D.C., Maryland and Virginia combined reported on Tuesday that the most residents died of COVID-19 in a day since May, but efforts to ramp up vaccination are pressing forward.
Maryland’s hospitals are set to receive enough COVID-19 vaccinations this week to give a first dose to all critical front-line staff in hospitals, Gov. Larry Hogan said in a press release.
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From this week's shipments, an additional 29,700 Moderna and Pfizer shots are going to hospitals; 33,100 doses will be given to health departments for first responders and 19,500 will be made available for nursing home residents and staff.
“Local health departments will be able to begin clinics for first responders, and hospitals will have enough doses to vaccinate all of their critical front line staff,” Hogan said.
The state remains in vaccination phase 1a.
Virginia has administered 41,709 vaccine doses, according to state data. More than 227,000 have been distributed.
Some Montgomery County hospitals are reaching their breaking point as they cope with a flood of COVID-19 patients. County Health Officer Dr. Travis Gayles said Tuesday that two hospitals had no ICU bed vacancies. Some hospitals had beds but not enough staff to support them.
COVID case rates are now higher than they were in the spring, and the percentage of acute care beds in use in hospitals are higher than any other time in the pandemic, Gayles said.
Stay home to celebrate New Year’s so you aren’t adding to the burden on hospitals and medical workers; that was County Executive Marc Elrich’s message on Tuesday.
“Some people will be tempted to host gatherings in their homes and invite over friends and families. Don’t do it,” he said.
Also Tuesday in the county, 25 big box retailers were granted exemptions on capacity limits, meaning they can have more than 150 customers indoors. If large retailers don’t follow the rules, though, their letters of approval can be rescinded.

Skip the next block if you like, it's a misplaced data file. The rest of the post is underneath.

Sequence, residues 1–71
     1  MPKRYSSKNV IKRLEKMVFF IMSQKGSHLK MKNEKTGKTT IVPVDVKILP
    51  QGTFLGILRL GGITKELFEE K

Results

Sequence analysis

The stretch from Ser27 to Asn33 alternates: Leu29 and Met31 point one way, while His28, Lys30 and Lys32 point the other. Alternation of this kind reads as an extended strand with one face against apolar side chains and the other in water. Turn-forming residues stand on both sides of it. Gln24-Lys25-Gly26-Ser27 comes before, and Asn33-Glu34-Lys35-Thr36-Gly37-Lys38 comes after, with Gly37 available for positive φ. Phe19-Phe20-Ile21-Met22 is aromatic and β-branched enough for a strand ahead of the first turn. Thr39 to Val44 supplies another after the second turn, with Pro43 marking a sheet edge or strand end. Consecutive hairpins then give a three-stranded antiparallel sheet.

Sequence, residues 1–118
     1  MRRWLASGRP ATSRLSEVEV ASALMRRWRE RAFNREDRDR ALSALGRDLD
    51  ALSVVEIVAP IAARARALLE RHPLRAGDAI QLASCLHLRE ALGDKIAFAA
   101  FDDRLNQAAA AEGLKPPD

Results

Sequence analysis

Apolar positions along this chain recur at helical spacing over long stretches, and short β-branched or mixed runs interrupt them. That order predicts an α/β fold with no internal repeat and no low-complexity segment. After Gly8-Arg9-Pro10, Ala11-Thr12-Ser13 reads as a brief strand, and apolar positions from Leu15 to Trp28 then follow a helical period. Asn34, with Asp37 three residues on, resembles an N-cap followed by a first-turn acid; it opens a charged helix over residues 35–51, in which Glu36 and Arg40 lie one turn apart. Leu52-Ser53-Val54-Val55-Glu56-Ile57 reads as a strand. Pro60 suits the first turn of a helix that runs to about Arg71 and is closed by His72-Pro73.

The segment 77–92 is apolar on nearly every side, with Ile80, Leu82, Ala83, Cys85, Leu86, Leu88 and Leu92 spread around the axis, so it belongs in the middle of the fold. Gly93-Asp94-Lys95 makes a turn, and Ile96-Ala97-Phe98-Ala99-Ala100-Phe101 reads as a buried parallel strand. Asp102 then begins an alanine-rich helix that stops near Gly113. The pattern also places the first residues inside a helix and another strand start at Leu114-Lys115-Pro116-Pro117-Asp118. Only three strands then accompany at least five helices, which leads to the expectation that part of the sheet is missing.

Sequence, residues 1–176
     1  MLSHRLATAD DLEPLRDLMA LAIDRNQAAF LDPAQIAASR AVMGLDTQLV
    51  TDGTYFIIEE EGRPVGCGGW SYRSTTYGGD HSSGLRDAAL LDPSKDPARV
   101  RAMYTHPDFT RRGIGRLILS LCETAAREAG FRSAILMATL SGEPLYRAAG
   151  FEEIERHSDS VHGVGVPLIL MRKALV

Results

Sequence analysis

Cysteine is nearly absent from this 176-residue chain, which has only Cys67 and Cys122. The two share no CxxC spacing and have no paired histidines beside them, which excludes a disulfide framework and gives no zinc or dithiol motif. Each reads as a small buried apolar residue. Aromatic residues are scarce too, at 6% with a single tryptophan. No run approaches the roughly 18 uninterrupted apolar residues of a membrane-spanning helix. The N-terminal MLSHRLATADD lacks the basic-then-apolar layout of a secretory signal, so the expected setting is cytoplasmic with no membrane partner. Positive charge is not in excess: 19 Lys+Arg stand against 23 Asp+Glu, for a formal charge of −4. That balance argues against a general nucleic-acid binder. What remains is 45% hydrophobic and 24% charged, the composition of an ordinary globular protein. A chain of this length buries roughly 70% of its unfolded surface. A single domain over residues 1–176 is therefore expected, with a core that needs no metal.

D.C. has opened a web portal that will allow eligible health care workers to schedule a vaccination against COVID-19.
Currently eligible to schedule vaccine appointments are those in group 1A, which includes frontline healthcare workers and nursing home residents. Those workers can register for a vaccine using the portal at coronavirus.dc.gov/vaccinatedc.
The website asks health care workers to fill out a questionnaire and give personal information including demographic details and medical history, so the District can determine "readiness" to schedule a vaccination appointment.
Progress is being made on a new vaccine right in our region — in Montgomery County.
Gaithersburg-based Novavax began phase three trials of its COVID vaccine Monday, becoming the fifth company to launch this late-stage trial.
Novavax says it will enroll up to 30,000 volunteers over the age of 18 for the trial. The company has already done trials in South Africa, the United Kingdom and the U.S.
Novavax plans to test the vaccine specifically for people in harder hit communities: namely Black, Hispanic and Indigenous Americans.
The battle over an indoor dining ban in Anne Arundel County, Maryland, continued Tuesday as a judge considered whether the county executive's order shutting down indoor and outdoor dining was within his power.
A lawsuit brought by restaurant owners claims the order lacks scientific evidence that restaurants are a significant source of COVID-19 spread.
Restaurants can continue to serve until a final decision is made.
They're allowed 25% capacity indoors and 50% capacity outdoors.
What the Data Shows
D.C. reported an additional 193 COVID-19 cases and four deaths on Tuesday. Maryland recorded 1,878 new cases and 63 lives lost. In Virginia, 2,872 new infections and 52 deaths were recorded.